Mention was made in the articles "Our Hills History," of early settlers in the then Colony or Province of South Aus tralia who first ascended to the summit of Mount Barker, and Mr. J. B. Shepherdson's name was given as one of them.  In proof of the statement that very early settler in the Mount Barker district, when a controversy on the subject was rife and an article was published in which upon the authority of a letter of Mr. (late Sir) John Morphett it was stated that that gentleman, Mr. Hack and Mr. Samuel Stephens were the first white men to reach the summit of Mount Barker, and that they rode their horses to the top, Mr. Shepherdson replied as follows:— "On Christmas Day 1838 the late Mr. Beavis Randell and myself rode to the Mount, but could not reach the summit on horseback.  We left our horses in charge of a servant of Mr. Randell's, and then reached the top on foot.  On several subsequent occasions I have ridden to the top of the saddle between the two hills, but never to the summit of the Mount.  If I am not mistaken Captain Barker was the first European of whom we have any record who ascended the MountAfter we had left the Mount on the occasion I have mentioned some six or seven miles we came upon a beautifully grand flat where we started two kangaroos almost hid in the long grass where the village of Hahndorf now stands.  Mr. Randell was delighted with the country that he determined to establish a cattle station there for the South Australian Company, under whom he held the position of stock manager.  After we reached Adelaide he engaged splitters and fencers to erect stockyards there soon after the completion of which the first Mount Barker Special Survey was taken.  This included this part of the country, and my friend's object was defeated at the expense of the work done.  The stockyards were erected about the spot where the present hotel stands on the West side of the road."

At the time he set out his contention, as stated above, the late Mr. J. B. Shepherdson was a resident of Wallaroo.  William Beavis Randell arrived in the Colony in 1837.  John (afterwards Sir John) Morphett removed from Kangaroo Island to Holdfast Bay having landed at the former area of the Colony in 1836 from the barque "Cynet" on Sept. 11th of that year.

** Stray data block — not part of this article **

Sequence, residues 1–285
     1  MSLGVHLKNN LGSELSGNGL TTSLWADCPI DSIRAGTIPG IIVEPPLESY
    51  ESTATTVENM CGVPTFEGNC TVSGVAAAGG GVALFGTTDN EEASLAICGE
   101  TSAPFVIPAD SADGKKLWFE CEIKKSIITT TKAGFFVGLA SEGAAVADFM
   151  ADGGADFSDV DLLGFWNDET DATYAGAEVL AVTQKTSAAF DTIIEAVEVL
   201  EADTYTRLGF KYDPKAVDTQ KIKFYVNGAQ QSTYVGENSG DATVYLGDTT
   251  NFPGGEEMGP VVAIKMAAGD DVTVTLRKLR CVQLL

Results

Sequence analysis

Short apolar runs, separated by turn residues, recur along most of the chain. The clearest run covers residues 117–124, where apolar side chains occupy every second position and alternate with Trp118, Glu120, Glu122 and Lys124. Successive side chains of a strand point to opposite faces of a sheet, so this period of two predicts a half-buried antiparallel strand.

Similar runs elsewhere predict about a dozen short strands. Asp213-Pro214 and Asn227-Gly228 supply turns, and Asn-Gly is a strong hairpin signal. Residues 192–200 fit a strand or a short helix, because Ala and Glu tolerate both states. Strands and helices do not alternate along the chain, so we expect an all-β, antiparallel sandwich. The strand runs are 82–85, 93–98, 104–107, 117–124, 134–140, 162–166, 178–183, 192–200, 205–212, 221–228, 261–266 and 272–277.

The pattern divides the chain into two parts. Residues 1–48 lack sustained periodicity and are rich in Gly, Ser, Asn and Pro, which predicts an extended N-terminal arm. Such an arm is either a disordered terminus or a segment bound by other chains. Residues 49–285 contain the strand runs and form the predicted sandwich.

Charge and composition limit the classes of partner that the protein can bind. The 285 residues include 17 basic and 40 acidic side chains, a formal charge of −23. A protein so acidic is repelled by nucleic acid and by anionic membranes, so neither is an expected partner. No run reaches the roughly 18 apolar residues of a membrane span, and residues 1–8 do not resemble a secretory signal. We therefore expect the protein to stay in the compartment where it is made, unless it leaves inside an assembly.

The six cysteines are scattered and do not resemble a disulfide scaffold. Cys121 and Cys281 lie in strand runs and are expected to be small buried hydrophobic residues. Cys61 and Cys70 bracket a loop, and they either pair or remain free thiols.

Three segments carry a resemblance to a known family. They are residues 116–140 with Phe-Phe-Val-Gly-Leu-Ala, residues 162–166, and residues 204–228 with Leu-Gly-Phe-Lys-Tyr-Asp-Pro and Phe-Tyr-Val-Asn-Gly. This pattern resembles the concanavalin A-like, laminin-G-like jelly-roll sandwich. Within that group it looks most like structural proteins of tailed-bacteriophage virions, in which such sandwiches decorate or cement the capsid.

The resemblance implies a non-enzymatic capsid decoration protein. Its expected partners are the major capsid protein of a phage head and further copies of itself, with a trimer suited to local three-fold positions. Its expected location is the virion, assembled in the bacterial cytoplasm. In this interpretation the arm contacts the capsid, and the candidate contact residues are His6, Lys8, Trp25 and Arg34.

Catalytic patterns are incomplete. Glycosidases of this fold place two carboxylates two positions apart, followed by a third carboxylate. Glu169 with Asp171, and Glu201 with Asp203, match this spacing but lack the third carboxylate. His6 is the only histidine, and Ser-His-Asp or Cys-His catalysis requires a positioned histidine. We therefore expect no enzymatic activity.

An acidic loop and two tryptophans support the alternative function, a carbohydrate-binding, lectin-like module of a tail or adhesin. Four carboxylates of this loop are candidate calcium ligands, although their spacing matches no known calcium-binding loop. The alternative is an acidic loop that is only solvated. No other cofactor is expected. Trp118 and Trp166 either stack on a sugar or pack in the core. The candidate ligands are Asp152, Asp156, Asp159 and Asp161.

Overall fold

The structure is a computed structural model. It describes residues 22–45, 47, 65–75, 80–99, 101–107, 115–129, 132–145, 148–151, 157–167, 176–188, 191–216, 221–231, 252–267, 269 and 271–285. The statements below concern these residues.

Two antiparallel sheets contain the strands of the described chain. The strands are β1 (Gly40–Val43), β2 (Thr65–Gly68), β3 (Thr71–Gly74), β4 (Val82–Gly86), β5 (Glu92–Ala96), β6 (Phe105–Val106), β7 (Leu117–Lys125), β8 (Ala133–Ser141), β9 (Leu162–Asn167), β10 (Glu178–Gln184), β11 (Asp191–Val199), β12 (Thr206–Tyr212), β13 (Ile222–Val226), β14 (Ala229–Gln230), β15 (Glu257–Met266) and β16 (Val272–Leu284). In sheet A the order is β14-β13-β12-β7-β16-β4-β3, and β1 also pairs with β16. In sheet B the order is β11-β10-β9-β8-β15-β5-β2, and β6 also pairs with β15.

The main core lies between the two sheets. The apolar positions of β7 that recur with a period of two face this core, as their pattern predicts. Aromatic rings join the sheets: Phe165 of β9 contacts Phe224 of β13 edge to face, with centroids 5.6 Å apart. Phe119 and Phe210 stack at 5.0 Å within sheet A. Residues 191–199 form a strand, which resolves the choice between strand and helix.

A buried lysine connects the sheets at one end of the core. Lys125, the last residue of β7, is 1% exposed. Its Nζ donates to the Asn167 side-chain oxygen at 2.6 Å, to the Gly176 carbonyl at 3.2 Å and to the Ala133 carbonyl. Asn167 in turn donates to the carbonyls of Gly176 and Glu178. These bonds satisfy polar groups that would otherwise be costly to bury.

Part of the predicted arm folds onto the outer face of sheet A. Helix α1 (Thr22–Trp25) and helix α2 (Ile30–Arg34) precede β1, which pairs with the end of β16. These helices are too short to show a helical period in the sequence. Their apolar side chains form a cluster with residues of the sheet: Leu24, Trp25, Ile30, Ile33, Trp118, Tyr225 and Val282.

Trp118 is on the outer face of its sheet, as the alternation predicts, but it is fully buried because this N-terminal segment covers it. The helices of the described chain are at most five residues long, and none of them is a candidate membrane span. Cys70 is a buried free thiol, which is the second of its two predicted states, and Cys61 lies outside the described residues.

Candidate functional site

In 1837 the Government and the SA. Company established new encampments at Holdfast Bay and Port Adelaide.  It is stated in authentic records of the early history that there were only two horses in the Colony at that time — one owned by Sir John Morphett and the other the property of the S.A. Company.  William Beavis Randell was initially engaged by tbe S.A. Company, and as the Company had one of the only two horses in the Province in 1837 he would be able to ride it, as contended, to near the Summit of the Mount.  But he must have had another animal upon which Mr. Shepherdson rode upon the memorable journey related by the latter gentleman.  Then there was the servant with whom they left their horses while they walked to the Summit of the Mount.  Did he have a horse also?  Maybe more horses had been imported into the Colony within a very short period.  But such queries arise in one's mind when reading what is recorded history.  Mr. Shepherdson, however, seems very definite in his contention that Beavis Randell and himself were the first white men to ascend to the top of Mount Barker.